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Building 1,018 lb Wagon Wheel For a Chandelier | Engels Coach Shop

Building 1,018 lb Wagon Wheel For a Chandelier | Engels Coach Shop


Well, you will recall that last week I made spokes and felloes for these wheels that we’re gonna make that are gonna b a thousand pounds. Well, this hub weighs 187 pounds and I can’t lift it up on to the wheel stand without some help so I’m gonna use my hoist to pick it up, but I need something to grab a hold of, so I’m gonna put a couple of spokes in that I can put my straps to, hoist it up on the wheel stand and start to build this thousand pound wheel that’s gonna be a chandelier. Well, we have the wheel together, and the tire is sized. Now generally I size tires two tenths of one percent under the circumference of the wood wheel. This tire ends up being about three-quarters of an inch shorter in circumference. Remember that’s not diameter, that’s circumference. So now the challenge is to get them heated up and expanded and set on to the wheels We’re gonna build a bit fire around them. But this is one of those things that I just can’t do myself, as much as I like to think that I can do about whatever, so I’ve finagled a few friends to come in. We actually have a couple that came out from Virginia just to visit the shop and their timing was just right and we have a couple here from over there close to Butte, in Walkerville Montana that also came to help out today. And also Trent from down in Basin Wyoming country came up, and he’s the one who’s actually gonna run the forklift for us when we pull these tires out of the fire. So we hope you enjoy the process of of setting the tires on these thousand pound wheels. Well it certainly is nice to have adequate help when we’re setting these great big tires. You notice on a lot of light buggy wheels and wagon wheels I can kinda get it done by myself, but there’s just no way around these 500 plus pound tires, doing it by myself. So now with the tires set, I take the time to clean up all the char marks and I actually put them back in the paint room and gave them a fresh coat of oil and a couple of hub bands I had to tighten up, but now we’re ready to head ’em home to Virginia for a chandelier So next week I’m gonna take the time to put these in a crate kind a walk you through that and get em headed home. So, once again, thanks for watching!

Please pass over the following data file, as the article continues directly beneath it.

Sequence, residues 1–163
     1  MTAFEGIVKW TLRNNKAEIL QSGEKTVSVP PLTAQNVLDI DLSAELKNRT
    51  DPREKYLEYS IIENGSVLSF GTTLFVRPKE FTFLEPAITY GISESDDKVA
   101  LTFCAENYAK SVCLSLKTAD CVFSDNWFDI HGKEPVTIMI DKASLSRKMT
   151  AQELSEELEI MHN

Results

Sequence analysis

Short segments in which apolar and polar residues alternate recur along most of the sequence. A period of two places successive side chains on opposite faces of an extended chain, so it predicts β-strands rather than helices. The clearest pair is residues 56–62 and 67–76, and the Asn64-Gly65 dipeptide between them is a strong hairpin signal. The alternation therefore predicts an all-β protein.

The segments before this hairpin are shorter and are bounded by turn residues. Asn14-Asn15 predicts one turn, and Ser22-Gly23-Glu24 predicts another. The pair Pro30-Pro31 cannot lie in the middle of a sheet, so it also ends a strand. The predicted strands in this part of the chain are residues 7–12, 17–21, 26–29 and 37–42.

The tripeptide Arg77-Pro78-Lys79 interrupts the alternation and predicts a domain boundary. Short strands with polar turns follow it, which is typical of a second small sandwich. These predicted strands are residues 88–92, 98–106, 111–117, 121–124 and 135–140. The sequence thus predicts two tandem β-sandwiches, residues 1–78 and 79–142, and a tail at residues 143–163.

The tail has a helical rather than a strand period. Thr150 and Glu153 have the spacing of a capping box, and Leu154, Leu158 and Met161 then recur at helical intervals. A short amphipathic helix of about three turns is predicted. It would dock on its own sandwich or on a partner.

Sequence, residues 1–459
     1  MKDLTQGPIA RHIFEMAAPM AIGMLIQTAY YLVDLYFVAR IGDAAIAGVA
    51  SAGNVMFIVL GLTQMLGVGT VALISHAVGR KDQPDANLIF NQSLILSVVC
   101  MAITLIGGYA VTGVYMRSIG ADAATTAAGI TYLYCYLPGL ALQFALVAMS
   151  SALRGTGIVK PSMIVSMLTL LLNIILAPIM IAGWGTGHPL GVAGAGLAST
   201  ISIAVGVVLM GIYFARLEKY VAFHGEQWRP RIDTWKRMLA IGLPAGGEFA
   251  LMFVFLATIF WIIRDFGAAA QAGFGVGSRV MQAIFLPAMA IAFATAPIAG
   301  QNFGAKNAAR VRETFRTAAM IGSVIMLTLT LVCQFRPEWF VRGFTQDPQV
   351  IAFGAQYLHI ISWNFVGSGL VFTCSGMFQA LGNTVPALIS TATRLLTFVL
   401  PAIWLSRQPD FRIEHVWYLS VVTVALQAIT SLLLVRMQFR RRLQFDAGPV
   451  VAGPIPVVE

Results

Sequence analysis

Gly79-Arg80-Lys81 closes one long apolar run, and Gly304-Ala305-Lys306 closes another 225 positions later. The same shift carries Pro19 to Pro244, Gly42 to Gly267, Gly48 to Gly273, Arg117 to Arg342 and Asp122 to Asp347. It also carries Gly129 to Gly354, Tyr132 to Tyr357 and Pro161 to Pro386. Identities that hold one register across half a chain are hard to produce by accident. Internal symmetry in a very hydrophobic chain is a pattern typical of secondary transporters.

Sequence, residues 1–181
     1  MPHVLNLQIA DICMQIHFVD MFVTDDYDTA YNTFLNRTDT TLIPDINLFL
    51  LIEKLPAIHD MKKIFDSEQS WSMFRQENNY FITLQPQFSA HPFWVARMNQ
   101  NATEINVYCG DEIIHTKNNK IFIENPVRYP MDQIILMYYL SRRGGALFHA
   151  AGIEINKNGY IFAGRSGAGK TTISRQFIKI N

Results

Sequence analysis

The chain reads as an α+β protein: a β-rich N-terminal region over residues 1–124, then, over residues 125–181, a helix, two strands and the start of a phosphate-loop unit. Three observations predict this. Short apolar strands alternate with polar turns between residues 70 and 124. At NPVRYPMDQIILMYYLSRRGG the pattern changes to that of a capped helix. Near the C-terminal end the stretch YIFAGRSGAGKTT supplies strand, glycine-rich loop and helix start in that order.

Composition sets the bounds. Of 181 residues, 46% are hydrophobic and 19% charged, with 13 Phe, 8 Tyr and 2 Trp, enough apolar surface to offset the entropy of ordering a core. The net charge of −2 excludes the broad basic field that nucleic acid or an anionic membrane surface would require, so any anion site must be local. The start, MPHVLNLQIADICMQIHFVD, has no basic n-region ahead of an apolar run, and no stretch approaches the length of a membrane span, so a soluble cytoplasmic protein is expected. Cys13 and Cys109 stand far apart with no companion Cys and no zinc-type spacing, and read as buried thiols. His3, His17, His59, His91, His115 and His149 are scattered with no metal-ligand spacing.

100 comments on “Building 1,018 lb Wagon Wheel For a Chandelier | Engels Coach Shop

  1. Every time this old carpenter looks at one of your videos I'm more amazed by your wonderful jigs and exceptional skill, hats off.👍👍

  2. perhaps skills like this are what we really need than web design (i'm not interested in designing or programming a website, i'm just sad that skills like this and boat-making are being lost due to technology)

  3. Хорошие колесики получились, на велосипед или самокат в самый раз пойдут. 🙂

  4. It's nice to see how the professional works!
    Great job !!!) 👍👍👍

    Приятно смотреть как работает проффесионал !
    Отличная работа!!!) 👍👍👍

  5. A staggering amount of work, even when using power tools. It really puts in perspective the effort it would have taken without a modern workshop.

  6. Отличная работа. Мастер !!! Жаль если нет последователя в этом деле.

  7. Would have been a nice video if it were not for the elevated playback speed. What a bummer. Thumbs down for ruining a beautiful piece of work.